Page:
For my A to Z Challenge, I’m going back to books that influenced me in some way or left an unforgettable impression, and for letter E I struggled to pick one title out of the three that readily came to mind. The decision turned out to be quite tough, but once I realized I might mention two of the titles in my other posts, I was left with just one book, or rather a novella, which I’ve read only once. And it was over twenty years ago.
These were my teenage times, when I only started dipping my toes into the big pool of fantasy and science-fiction, and my dear friend lend me issues of “Nowa Fantastyka”, Polish oldest (and I believe longest-running too) speculative fiction magazine.
Every issue contained both Polish and foreign fiction, and in one of them I came across Barry B. Longyear’s novella, “Enemy Mine”. I leaned more towards fantasy fiction back then, but as an avid reader, I couldn’t just skip the part of the magazine without even trying, and before I even noticed, I was biting my nails following the story of a human pilot and an alien, stranded on a desolate planet.
I might have exaggerated a bit in the top paragraph, I might have read the story several times before I gave the magazine back, but the twenty years since my last contact with it still stands. And I still remember it, maybe not in detail, but in the images the story brought, and in the memory of tears its last sentence brought. Because “Enemy Mine” told a beautiful story of friendship formed between to completely different beings. Both Willis Davidge and Jeriba Shigan (yes, I had to look their names up) need to overcome their hostility toward each another, and learn to work together to survive, and in the process, as you can imagine, they learn to understand the other one’s culture and the way of thinking.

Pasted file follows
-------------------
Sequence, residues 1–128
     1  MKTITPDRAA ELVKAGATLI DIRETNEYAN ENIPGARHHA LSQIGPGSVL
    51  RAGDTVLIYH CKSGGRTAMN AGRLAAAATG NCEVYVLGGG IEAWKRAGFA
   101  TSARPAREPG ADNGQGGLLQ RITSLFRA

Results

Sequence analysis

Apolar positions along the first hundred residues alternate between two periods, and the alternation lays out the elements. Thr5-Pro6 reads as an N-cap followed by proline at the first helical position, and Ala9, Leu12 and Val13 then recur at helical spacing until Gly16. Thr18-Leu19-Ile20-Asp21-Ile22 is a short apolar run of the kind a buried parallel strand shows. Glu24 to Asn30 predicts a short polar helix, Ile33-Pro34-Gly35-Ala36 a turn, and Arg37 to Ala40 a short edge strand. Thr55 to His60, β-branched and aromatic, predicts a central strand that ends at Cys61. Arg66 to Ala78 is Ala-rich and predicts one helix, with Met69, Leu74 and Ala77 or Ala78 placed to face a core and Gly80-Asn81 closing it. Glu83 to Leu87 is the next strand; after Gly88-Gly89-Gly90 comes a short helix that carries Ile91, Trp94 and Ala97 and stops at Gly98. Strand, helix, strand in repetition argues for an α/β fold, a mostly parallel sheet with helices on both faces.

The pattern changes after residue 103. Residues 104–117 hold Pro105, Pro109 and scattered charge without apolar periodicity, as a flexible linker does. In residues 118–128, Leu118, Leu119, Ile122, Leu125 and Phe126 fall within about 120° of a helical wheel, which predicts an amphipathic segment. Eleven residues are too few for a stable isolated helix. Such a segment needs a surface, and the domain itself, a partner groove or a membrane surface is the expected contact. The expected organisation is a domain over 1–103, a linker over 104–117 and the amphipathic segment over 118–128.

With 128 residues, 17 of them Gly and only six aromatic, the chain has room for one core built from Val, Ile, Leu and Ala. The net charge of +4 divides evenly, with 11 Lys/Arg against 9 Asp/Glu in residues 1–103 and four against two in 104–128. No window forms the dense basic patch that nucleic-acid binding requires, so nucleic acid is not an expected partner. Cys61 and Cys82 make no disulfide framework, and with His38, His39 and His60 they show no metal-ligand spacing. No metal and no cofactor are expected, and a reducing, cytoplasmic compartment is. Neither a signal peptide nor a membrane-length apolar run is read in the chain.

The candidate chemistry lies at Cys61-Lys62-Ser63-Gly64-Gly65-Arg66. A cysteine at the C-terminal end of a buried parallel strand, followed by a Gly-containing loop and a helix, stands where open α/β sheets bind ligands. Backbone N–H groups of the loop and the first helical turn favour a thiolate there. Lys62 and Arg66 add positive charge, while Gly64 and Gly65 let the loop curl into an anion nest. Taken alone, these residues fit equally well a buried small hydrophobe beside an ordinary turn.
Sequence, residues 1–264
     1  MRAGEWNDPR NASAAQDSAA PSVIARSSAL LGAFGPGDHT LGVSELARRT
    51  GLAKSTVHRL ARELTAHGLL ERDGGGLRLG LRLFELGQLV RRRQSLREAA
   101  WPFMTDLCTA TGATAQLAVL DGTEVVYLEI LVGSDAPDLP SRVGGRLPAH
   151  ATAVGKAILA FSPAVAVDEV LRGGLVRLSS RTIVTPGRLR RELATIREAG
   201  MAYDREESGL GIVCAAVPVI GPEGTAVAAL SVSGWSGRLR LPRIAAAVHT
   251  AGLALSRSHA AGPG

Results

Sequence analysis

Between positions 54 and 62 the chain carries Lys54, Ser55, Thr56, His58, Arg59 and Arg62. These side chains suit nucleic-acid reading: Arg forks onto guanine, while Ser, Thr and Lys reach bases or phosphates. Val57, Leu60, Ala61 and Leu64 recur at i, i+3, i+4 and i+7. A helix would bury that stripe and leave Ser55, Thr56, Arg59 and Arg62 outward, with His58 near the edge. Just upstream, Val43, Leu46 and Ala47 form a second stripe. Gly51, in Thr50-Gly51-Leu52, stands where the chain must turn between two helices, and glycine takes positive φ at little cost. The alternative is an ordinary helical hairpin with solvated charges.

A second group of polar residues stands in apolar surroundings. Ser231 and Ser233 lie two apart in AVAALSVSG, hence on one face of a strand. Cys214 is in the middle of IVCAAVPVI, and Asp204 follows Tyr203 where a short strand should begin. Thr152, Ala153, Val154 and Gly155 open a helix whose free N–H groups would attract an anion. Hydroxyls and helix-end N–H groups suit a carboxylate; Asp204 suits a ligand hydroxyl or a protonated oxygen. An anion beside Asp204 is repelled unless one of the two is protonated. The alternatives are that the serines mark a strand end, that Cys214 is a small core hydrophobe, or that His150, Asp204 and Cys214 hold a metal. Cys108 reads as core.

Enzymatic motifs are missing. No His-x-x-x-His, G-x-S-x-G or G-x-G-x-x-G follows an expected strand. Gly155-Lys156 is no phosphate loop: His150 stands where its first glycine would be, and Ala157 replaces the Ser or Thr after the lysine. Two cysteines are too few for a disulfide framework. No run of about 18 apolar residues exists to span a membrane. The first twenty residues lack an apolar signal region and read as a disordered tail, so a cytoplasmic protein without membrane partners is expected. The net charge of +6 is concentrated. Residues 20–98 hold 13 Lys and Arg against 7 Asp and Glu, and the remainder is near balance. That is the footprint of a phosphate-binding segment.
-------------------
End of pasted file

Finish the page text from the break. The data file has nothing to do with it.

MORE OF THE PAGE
In a way, it’s a simple story with simple message, that those who are different or follow different paths don’t have to be fought against, and that understanding and communication can bring peace. But the way it is told, not from the perspective of waring races, but on a very personal level, had a lasting impression on me.
Over the years, I made several attempts of getting my own copy of the magazine, but the circumstances always prevented me of acquiring one, and I might not have been persistent enough. I also bought a DVD with the movie adaptation, but I never brought myself to watch it. Why? Because twenty years after the first read, and that story is still vivid in my memory, still rings with emotions, even if I can’t recall the exact wording.
And do you have such a book? The one you’ve read only once, but it was enough for years?